Assume that there are seven criteria that are being used to evaluate supplier, quality, price, service, production capacity, engineering capacity, business structure and delivery. These attributes are weighted with the relative importance considered by the buyer on a 10(less important) to 100 (most important) scales as shown table 2.

S/NAttributesWeight (%)
 1. Quality20
 4.Production capacity10
 5.Engineering capacity5
 6.Business structure5
Table 2: Different attributes and their weighted percentages

This example evaluates three suppliers, namely X, Y, and Z, based on their previous order performance. The results are displayed in Table 3. Performances are rated from 0 (poor) to 5 (excellent).

S/Nattributesweight(%)performance rating of suppliers (X)supplier X scoreperformance rating of suppliers (Y)supplier Y scoreperformance rating of suppliers (Z)supplier Z score
1.Quality205(5/5)×20= 204(4/5)×20= 164(4/5)×20= 16
2.Price254(4/5)×25= 203(3/5)×25= 155(5/5)×25= 20
3.Service203(3/5)×20= 124(4/5)×20= 162(2/5)×20= 8
4.Production capacity102(2/5)×10= 42(2/5)×10= 43(3/5)×10= 6
5.Engineering capacity54(4/5)×5= 43(3/5)×5= 35(5/5)×5= 5
6.Business structure53(3/5)×5= 32(2/5)×5= 23(3/5)×5= 3
7.Delivery155(5/5)×15= 152(2/5)×15= 64(4/5)×15= 12
total point by supplier X78/100Supplier Y62/100Supplier Z70/100
Table 3: Performance rating assessment of the supplier Z,Y and Z

Advantages of weighted point system

  1. combines qualitative and quantitative factors into a single system.
  2. moderate implementation costs.
  3. allows supplier ranking.
  4. flexible system.

Disadvantages of weighted point average system

  1. requires computer skills.
  2. tends to focus on unit price.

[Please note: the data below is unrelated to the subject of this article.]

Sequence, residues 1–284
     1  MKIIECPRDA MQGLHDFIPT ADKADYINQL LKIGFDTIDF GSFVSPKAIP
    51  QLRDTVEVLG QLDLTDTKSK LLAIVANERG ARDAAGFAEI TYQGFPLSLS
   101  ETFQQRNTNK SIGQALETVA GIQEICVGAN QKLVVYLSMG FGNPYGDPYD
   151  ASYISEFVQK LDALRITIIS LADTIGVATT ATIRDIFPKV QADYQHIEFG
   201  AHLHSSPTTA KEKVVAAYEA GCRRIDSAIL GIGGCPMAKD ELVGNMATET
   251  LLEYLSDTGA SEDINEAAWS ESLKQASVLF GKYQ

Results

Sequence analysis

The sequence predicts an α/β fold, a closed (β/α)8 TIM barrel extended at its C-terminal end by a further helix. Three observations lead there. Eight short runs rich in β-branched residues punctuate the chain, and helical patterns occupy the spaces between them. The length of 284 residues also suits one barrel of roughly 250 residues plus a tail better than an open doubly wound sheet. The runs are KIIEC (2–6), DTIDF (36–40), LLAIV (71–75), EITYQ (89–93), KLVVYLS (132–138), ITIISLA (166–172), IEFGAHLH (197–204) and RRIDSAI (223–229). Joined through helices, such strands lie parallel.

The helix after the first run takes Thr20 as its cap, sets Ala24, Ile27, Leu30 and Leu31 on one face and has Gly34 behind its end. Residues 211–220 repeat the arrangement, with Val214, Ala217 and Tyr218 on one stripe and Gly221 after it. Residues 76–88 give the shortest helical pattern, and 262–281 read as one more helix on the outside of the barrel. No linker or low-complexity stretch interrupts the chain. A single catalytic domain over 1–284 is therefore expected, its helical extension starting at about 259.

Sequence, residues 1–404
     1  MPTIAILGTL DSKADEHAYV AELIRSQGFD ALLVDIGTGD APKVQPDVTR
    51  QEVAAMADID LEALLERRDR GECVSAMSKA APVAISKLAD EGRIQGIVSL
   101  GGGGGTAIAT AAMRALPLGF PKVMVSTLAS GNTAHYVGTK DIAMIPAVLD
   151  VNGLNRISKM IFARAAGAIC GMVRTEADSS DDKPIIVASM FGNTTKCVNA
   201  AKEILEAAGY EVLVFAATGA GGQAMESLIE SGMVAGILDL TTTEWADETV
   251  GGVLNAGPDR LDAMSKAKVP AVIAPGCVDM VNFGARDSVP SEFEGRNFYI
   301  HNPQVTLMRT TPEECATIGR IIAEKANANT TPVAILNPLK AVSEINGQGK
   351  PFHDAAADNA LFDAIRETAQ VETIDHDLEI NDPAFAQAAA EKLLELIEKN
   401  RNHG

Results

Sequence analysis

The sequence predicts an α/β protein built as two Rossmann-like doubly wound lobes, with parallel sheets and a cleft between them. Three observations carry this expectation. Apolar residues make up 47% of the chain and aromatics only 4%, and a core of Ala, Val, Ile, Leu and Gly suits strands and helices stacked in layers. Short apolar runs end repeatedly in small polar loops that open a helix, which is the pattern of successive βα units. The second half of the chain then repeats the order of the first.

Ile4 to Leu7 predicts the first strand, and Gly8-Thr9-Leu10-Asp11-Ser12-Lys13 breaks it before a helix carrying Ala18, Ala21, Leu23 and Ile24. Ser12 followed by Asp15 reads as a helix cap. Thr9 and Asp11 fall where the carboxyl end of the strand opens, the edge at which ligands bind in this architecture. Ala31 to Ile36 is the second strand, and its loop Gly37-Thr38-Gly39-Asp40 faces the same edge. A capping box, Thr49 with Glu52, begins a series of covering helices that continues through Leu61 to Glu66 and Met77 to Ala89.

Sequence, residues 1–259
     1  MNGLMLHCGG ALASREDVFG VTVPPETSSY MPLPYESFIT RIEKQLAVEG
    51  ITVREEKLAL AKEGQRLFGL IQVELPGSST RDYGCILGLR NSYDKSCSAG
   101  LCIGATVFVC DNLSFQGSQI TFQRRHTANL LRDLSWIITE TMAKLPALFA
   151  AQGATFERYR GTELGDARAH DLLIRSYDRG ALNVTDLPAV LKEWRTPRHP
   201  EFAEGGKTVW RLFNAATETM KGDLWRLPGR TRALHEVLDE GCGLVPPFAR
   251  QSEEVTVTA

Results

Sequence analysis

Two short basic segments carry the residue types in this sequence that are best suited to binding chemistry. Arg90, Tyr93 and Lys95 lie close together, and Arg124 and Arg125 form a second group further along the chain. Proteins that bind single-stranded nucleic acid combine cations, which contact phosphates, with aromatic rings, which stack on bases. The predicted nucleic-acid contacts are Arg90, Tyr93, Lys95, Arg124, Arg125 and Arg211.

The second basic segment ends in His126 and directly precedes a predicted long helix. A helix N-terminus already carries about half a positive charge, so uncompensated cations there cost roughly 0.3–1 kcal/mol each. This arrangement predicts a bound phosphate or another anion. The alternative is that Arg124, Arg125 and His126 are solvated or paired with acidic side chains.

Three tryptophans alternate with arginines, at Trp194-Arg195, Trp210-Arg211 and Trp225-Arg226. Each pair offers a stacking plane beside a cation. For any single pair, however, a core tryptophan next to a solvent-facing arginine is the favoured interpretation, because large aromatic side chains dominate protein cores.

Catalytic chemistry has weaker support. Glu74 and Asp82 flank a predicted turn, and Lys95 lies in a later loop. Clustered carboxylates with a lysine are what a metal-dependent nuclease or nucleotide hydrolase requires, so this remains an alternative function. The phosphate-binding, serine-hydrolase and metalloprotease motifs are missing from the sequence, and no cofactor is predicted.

3. Cost-ratio Based System

This method evaluates supplier performance by using a standard cost analysis. Buyers can use this method to quantify any additional costs incurred if suppliers do not perform as expected. Total cost of each purchase is calculated by taking into account the selling price and the buyers internal operating costs related to quality, delivery, and service. Cost ratio is calculated by the following formula:

  • cost ratio= Non-performance cost÷ purchase price

An example of cost the associated with the quality factors are provided here for Supplier Z&Z, the various elements and cost associated with quality are provided in table 4.

elementscost in INR
plant visit2800
sample approval5000
inspection cost1500
rejections or losses3000
rework cost1800
paper work expenditures500
total non-performance costRs.14,600
total value of purchaseRs. 1,00,000
quality cost ratio0.146 or 1.46%
Table 4: Elements and cost associated to quality for supplier Z&Z

In this manner, the manufacturing firm will collect the cost ratios of different heads of the single supplier and use it to compare with the other suppliers. the sample for the comparison with the different supplier is provided in table 5.

supplierquality cost ratio (%)delivery cost-ratio (%)service cost-ratio (%)total (%)Quoted price/Unit (Rs)Net adjusted cost (Rs)
Table 5: Identification of true value of the product by cost ratio based method

Advantage of cost ratio based system

  1. As an evaluation tool, it is consistent and reliable.
  2. the ability to provide positive supplier reinforcement.
  3. a way to communicate the company’s buying priorities to suppliers.

Disadvantage of cost ratio based system

  1. this method is very complex to use and other difficulty is its requirement that users have a developed cost accounting system.
  2. identifying costs of supplier non-performance is difficult.


  1. Grace I. Kunz, Ruth E. Glock, (2004), Apparel Manufacturing: Sewn Product Analysis. 4th Edition. Prentice Hall.
  2. Kadolph, S. J. (2006). Textiles. New Delhi: Pearson Education.
  3. R. Rathinamoorthy, R. S. (2018). Apparel Merchandising. Chennai: Woodhead Publishing India Pvt. Ltd.